God often uses unexpected situations to teach us needed truths.
As the world continues to adapt to the ever-changing landscape of the COVID-19 pandemic, we are all adjusting daily to make sense of it all, protect our neighbors, and grasp the new normal. Until it changes again in another 5 minutes.
As a pastor, I want to provide care, direction, insight, and stability to our church family at all times, but especially in times like these. The wide restrictions has caused all of us to scramble how to do that.
As Easter Sunday approaches, President Trump had originally hoped that the country would be “back in business” by then, but most of us understood that was a hopeful desire rather than a sure prediction.
While many churches are attempting to reclaim normalcy and energize parishioners by doing something different on Easter Sunday, I have personally struggled as a pastor with a simple question: why?
Why would we treat a holiday that is not commanded in Scripture any differently than the weekly gathering which was instituted in Scripture?
Whatever I would do for Easter Sunday, I should be prepared to do any Sunday.
Now before you begin to stone me with Easter eggs or any other thing you can get your quarantined hands on, let me explain. I am all for celebrating the resurrection of Jesus. I just choose to celebrate it every week on Sunday. I am actually so enraptured by the defeat of death that it really affects every single day of my life.
The Origin of Easter
If you trace the origin of the holiday of Easter, you will not find it depicted in the Bible. In fact, many people disagree on the origin altogether.
- Some claim that the name Easter came from redeeming a holiday focused upon a goddess celebrated in England named Eostre, who was celebrated at the beginning of spring.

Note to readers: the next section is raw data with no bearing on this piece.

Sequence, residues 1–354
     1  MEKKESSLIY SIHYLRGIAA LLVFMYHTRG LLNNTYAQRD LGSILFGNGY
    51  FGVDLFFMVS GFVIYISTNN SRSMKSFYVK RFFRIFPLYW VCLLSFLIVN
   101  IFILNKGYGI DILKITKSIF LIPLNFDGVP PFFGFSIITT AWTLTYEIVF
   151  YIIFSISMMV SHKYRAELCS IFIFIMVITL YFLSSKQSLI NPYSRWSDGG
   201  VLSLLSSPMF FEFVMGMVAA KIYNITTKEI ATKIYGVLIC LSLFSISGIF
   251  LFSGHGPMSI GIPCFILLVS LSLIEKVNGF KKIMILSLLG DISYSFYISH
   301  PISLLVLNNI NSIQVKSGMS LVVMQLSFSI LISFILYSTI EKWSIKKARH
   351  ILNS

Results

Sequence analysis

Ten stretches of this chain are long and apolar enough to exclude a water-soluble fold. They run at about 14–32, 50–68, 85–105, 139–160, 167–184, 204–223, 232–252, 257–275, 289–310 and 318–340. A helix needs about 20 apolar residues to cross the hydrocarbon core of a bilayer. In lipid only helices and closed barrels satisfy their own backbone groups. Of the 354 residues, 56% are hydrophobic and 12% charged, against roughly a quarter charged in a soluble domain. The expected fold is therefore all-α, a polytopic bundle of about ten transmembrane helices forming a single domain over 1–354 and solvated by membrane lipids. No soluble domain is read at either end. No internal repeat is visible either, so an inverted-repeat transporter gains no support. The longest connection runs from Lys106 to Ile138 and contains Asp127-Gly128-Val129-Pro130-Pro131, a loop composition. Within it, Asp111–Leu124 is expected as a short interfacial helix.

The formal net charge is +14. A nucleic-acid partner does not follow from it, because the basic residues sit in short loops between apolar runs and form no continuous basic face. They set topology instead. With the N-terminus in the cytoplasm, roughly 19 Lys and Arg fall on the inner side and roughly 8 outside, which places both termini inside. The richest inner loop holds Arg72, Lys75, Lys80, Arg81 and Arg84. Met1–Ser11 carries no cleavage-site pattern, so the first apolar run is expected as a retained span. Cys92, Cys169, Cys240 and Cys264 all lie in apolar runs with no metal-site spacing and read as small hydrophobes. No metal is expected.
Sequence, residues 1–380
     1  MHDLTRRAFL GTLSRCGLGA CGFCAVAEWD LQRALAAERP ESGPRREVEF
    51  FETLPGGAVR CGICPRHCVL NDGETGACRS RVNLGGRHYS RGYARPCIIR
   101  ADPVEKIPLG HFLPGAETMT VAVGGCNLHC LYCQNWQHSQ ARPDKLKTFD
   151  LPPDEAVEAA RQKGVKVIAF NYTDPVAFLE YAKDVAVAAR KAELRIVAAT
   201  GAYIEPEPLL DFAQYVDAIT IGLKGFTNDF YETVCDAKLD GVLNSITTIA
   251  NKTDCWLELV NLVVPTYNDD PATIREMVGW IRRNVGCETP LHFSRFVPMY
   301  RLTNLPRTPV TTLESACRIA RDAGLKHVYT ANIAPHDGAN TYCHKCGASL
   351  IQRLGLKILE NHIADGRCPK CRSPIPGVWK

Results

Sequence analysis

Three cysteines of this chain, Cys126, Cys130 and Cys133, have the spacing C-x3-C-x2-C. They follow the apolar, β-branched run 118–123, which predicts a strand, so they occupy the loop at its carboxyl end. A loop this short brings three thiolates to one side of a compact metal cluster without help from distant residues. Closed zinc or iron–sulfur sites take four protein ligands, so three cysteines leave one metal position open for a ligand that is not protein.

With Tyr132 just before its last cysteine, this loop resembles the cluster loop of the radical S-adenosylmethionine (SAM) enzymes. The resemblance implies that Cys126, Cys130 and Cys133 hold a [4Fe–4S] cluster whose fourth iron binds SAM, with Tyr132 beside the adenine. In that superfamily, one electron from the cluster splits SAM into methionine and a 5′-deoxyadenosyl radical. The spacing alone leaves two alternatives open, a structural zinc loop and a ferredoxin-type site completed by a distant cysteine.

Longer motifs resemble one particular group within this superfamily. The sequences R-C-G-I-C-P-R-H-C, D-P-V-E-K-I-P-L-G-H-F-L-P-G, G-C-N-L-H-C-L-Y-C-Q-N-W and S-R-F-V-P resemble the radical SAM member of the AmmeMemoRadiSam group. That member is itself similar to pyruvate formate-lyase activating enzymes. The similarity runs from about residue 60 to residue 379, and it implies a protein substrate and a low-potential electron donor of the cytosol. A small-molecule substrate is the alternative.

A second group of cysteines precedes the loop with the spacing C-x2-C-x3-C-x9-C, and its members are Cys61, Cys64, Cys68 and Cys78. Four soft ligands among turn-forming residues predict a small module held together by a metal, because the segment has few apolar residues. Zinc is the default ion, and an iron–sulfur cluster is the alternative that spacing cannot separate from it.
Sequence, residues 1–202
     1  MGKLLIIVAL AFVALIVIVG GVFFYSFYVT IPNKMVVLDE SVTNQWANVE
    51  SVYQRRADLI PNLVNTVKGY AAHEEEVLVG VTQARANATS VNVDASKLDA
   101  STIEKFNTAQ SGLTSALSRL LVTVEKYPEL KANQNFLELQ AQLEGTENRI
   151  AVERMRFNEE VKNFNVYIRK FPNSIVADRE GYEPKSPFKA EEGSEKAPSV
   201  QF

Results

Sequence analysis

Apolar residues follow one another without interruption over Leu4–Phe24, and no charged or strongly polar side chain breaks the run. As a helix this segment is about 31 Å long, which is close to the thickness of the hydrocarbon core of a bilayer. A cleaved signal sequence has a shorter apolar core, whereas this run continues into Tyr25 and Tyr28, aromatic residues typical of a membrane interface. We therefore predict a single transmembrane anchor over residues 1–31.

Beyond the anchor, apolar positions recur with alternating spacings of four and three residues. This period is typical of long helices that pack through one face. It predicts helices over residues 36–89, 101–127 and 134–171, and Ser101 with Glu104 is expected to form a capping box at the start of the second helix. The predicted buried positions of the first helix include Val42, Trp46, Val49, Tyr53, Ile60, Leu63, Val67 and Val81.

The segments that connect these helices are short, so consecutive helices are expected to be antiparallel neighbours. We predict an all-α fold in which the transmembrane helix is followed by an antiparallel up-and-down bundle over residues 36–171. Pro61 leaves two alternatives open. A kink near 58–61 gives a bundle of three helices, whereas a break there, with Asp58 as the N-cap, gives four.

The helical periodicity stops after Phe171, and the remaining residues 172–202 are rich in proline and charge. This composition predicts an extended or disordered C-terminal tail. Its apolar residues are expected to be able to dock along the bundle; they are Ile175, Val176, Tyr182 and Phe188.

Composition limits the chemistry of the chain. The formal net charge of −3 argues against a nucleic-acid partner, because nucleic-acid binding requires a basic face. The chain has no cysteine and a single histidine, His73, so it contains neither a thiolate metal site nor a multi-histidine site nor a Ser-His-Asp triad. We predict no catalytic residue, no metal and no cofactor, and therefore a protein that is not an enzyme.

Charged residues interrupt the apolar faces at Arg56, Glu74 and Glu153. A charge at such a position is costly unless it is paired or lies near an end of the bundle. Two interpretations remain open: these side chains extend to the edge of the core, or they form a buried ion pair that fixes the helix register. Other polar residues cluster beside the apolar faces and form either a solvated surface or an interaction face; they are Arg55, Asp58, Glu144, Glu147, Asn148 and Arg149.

- The Saxons of Northern Europe had a month in Spring they called Eosturmononath.
- Some believe the word came from a German word for word east (ost).
- Some religious scholars believe the time was chosen based upon Spring and Christ coming back to life echoes what happens throughout the world.
- Since Christ was crucified on Passover, the date should be tied to that holiday as well.
All that to say, it’s kind of a hot mess trying to figure it out. Do you really know what “Easter” even means? Have you ever seen that word in the Bible? It’s not there.
What is there?
Jesus rose from the dead on the first day of the week (Matt. 28:1), and, subsequently, the early church prioritized gathering on the first day of the week (Acts 20:7; 1 Cor. 16:2).
Yes, we need to celebrate the resurrection of Jesus, but it seems like we should do that weekly instead of just annually.
The Dependence on Easter
What has church leaders spazzing out right now is that the most-anticipated Sunday of the year is going to have empty parking lots. Pastors will often comment that Easter Sunday is the church’s Superbowl.
I sure hope we can find a better analogy soon.
- It is the highest attended Sunday for the entire year.
- The pastor goes “all-out” for his best sermon of the entire year (which might sound just like last year’s for all those Easter-only attendees).
- The worship team has prepared a cantata, drama, or epic musical extravaganzas.
- We strongly encourage our people to invite people to church for this week.
- Families adorn themselves in pastels.
- Photo booths are set up to encourage families to partake in free-advertising for the church.